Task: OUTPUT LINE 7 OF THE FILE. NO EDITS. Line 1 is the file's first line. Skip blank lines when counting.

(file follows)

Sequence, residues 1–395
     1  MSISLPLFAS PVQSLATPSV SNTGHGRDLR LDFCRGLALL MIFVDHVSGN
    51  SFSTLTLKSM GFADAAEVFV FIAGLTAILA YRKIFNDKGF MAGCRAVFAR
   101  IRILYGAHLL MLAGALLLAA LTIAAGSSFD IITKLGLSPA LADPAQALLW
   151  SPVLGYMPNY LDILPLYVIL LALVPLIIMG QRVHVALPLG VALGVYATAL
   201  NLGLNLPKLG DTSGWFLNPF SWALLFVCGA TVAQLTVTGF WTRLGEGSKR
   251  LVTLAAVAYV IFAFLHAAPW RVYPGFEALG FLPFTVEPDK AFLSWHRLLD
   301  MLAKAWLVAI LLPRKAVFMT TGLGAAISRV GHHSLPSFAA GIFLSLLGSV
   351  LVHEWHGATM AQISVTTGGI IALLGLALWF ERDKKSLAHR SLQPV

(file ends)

   251  LVTLAAVAYV IFAFLHAAPW RVYPGFEALG FLPFTVEPDK AFLSWHRLLD